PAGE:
Feb 10, 2019 - Peace Corps    No Comments

Your’re Confused; I’m confused

Wait? Are you still in Rwanda? The Peace Corps? The short answer to that question is no. No, I am not.

As of February 3, 2019 I left Rwanda for what I think will be the absolute last time, but I’ve learned to never say never. Earlier this year I was medically separated from the Peace Corps. No hard feelings there, but as medical separation goes, it is a bit of a cluster-fuck.  PC rarely gives you warning that you are being medically separated, therefore there are a lot of unresolved issues that crop up. Rarely is there the opportunity to say good-bye to your cohort, let alone any friends you may have made in other cohorts, and even worse, there’s no opportunity to say good-bye to your community, or pack up what ever of your belongings you want to take with you.

Lake Kivu

I was medically separated on January 4, 2019. I was medically evacuated a week or so prior. I lived in the infirmary at Peace Corps Head Quarters in Kigali for 36 days. I left my little house on the corner on November 17, thinking I’d return in just over a week thanks to a Peace Corps training. But no, I never did return owing that to an injury suffered while at said training.

See the extremely swollen area to the left? That, my friends who are not in orthopedics, is a Morel-Lavalee lesion. It’s usually caused by blunt force trauma. In my case, I just tripped over a rock, and fell into more rocks. NBD, right? So, so wrong. This was the beginning of everything.

However, I already had Peace Corps vacation plans for the month of February so upon arriving back in the US, I did my laundry, organized my stuff, and prepared for returning to Rwanda [I KNOW!], this time not as a Peace Corps Volunteer, but as a private citizen with a still somewhat banged-up leg. I arrived to Kigali on January 22, spent the night in Kigali, shot down to Butare and hung out with friends. Made my way to Nyungwe National Forest… which was just as amazing as I thought it would be. Then I scooted up the coast of Lake Kive to Kibuye and Gisenyi, did some hiking on the Congo-Nile trail, crossed over into the DRC, scooted over to Musanze, made a run for the border and made my way to the ‘Equator’ sign in Uganda, and had a short but memorable safari at Akagera National Park. Finally it was onward to Kigali once again for the originally scheduled flight back to America.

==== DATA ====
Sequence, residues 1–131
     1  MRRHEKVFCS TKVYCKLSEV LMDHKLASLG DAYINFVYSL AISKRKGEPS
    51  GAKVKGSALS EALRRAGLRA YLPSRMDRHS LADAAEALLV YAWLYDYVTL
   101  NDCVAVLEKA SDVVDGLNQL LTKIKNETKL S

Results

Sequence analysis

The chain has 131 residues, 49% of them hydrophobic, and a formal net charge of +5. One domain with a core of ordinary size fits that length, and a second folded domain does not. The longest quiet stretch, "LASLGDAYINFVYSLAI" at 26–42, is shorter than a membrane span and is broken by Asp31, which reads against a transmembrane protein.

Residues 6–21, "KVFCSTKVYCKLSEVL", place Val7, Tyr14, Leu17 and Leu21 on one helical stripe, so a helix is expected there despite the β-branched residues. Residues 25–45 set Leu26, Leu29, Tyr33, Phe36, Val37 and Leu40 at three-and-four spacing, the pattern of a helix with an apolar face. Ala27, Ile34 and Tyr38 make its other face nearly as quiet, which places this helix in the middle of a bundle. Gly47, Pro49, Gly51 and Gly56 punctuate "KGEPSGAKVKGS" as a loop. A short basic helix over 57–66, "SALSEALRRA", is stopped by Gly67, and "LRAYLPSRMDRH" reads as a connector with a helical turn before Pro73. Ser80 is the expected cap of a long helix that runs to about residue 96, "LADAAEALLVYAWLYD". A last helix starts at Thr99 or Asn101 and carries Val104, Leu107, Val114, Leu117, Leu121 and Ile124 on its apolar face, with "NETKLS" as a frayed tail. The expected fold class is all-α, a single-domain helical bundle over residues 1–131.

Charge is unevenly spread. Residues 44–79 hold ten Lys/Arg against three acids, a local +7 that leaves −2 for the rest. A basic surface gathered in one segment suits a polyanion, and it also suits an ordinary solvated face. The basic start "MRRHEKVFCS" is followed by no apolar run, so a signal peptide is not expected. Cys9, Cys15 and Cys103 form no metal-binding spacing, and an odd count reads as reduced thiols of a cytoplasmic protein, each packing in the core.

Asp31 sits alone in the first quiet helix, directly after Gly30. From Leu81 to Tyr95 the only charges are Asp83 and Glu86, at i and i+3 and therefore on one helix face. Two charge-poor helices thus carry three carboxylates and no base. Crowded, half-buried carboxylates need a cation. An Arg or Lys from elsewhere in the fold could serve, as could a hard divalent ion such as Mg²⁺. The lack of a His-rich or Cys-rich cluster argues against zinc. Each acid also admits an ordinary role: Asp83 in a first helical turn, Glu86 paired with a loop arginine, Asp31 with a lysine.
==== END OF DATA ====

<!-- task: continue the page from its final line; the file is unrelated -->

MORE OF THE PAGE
The second continent on which I have crossed the equator

So to recap:  GSP–>ATL–>BRU–>KIG–>[11 days in Rwanda + 2 days in Uganda]–>AMS [7 hour layover in Amsterdam where I went out and explored the city]–>WAS–>GSP and in a month’s time I’ll go GSP–>WAS–>PAR–> LON–>ATL–>GSP. 6 weeks of a true whirl-wind exploring parts of Rwanda, the Netherlands, France, and England.

So what’s next?:  After my injury, I did some contingency planning and applied to a couple of grad school programs.  I just found out that I’ve been accepted to at least one of them. Starting tomorrow, I am back to work at the same job I was at before leaving for the Peace Corps [I’m not sad about that; I loved working there and my co-workers]. I still need some time to process everything that has happened in the last 9 months, but one day I hope to be able to look back on my time with the Peace Corps as a positive time where I did my best to help the people of the community of Mbazi. That time is not today, but I think with time, it will come.

Murabeho Rwanda